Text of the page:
Texas politics has long been a source of great amusement for the people of our state, but it’s often a source of bafflement for people beyond our borders. So, sometimes there’s a need to explain what’s going on here, and this is one of those times. In this case, the explanation is simple: Our governor is a goober.
Texans have known this for some time, but Rick Perry — whose chief claim to fame had been that he has a spectacular head of hair — was unknown outside the state, so he was our little secret. Now, however, Perry’s gooberness has gone viral. He’s a YouTube phenomenon and a new darling of the GOP kingmaker, Rush Limbaugh.
He broke into national consciousness on April 15, when he spoke at one of the
many “teabag” rallies that Republican operatives set up around the country to protest Barack
Obama’s deficit spending. Appearing in Austin before a boisterous crowd of about a
thousand people who were fuming about everything from gun control to the Wall
Street bailout, the governor opened with this shot: “I’m sure you’re not just a bunch of right-wing extremists. But if you are, I’m with you.”
Then came the thought that earned him YouTuber-of-the-Day and a favorable mention from Lord Limbaugh: Texas just, By God, might secede from the union if Washington keeps messing with us.
No doubt many people in the other 49 states burst into applause at this notion,
but it caused quite a bit of consternation among home folks, who rather like
being both Texans and Americans. Was he serious? Apparently so. When reporters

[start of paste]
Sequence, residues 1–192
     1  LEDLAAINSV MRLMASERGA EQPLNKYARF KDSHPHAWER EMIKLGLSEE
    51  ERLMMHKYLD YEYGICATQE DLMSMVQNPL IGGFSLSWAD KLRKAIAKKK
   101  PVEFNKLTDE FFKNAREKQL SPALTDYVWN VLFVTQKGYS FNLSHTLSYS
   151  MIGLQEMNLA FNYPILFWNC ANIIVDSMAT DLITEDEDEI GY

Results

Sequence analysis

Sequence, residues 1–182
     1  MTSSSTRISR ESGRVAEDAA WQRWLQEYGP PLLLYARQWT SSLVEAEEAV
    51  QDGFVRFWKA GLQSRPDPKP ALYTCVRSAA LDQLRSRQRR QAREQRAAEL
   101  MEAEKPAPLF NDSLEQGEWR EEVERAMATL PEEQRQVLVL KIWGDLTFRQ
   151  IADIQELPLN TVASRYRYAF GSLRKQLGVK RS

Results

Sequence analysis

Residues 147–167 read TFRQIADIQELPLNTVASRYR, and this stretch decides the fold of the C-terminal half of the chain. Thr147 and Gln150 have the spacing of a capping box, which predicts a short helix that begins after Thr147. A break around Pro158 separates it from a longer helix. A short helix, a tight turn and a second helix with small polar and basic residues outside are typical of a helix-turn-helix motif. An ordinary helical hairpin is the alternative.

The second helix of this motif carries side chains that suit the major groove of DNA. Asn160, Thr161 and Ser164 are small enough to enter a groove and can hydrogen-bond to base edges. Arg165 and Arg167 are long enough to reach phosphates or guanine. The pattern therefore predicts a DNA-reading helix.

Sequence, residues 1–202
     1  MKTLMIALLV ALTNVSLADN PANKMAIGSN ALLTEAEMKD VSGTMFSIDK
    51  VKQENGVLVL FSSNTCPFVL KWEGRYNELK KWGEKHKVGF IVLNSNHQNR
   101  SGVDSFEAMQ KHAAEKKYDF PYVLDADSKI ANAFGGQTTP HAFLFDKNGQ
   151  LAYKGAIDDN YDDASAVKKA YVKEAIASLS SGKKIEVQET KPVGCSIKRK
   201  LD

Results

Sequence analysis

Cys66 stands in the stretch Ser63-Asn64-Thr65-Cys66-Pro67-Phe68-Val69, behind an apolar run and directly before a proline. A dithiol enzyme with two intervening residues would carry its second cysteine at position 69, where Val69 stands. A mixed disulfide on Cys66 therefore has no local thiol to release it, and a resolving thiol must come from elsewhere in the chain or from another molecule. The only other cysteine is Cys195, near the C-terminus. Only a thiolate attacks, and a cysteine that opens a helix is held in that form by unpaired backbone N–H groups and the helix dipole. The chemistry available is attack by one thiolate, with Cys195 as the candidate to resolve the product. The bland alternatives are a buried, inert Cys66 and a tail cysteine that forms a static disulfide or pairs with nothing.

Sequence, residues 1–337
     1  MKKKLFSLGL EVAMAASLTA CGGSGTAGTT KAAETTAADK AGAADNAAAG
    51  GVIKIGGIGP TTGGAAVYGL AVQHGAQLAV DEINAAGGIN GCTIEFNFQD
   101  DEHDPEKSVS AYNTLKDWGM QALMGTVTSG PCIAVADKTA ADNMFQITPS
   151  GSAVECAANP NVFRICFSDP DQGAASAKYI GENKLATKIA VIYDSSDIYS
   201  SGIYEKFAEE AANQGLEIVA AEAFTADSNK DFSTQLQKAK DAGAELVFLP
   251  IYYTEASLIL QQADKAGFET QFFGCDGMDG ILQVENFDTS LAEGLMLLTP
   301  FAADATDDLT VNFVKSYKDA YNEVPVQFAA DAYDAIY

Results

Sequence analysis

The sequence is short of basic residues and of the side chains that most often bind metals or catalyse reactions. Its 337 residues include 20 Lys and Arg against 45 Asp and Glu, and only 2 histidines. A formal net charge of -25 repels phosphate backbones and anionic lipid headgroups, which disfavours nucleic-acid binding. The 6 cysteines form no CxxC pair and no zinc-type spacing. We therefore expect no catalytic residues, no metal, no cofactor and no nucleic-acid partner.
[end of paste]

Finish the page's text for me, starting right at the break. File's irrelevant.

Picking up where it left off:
asked afterward about the legality of such a rash move, Perry pointed out that
Texas had entered the union under a unique agreement that gave us the right “to leave if we decided to do that.” Good line, but utterly untrue. No such agreement ever existed.
Facts aside, what’s going through Perry’s perfectly coiffed head is that polls presently show him losing his re-election bid in next year’s Republican primary. Thus, he’s scrambling to excite the most rabid of the Texas GOP fringe by posing as a courageous defender of Texas sovereignty against meddlers from Washington. His chief target is $555 million in federal money that would come to our state under Obama’s economic stimulus program. This is desperately needed money that would go straight into our nearly broke unemployment compensation fund, but he asserts that he will reject it, claiming that the federal dollars come with strings attached.
The “strings” are actually simple and sensible threads of reform that would help the hard-hit workaday people of our state. For example, the federal stimulus program requires that part-time workers also be eligible for unemployment comp. In today’s harsh economy, when part-time work is all that many people can get, they ought to be covered, too. But common sense has never met Perry, much less befriended him, so he continues to posture: “We think it’s time to draw the line in the sand and tell Washington that no longer are we going to accept their oppressive hand in the state of Texas,” he recently spewed.
Yes, comandante, but what about that other $16 billion or so in Obama’s stimulus money that you are going accept? For example, while you slap away funds to help working folks, you’re eagerly reaching out with your other hand to grab $1.2 billion of those filthy federal dollars to put into your pet project of saddling Texans with a network of privatized toll roads. If it’s a matter of principle, why not reject all federal money? Indeed, you used to be a cotton farmer who benefited from Washington’s crop subsidy programs — how oppressive was that for you?
OK, our governor has not quite attained the Blagojevichian level of gubernatorial gooberness, but he’s a striver, and he’s only one bad haircut away from getting to the top. Illinois, we feel your pain.
Jim Hightower is a national radio
commentator, columnist and author.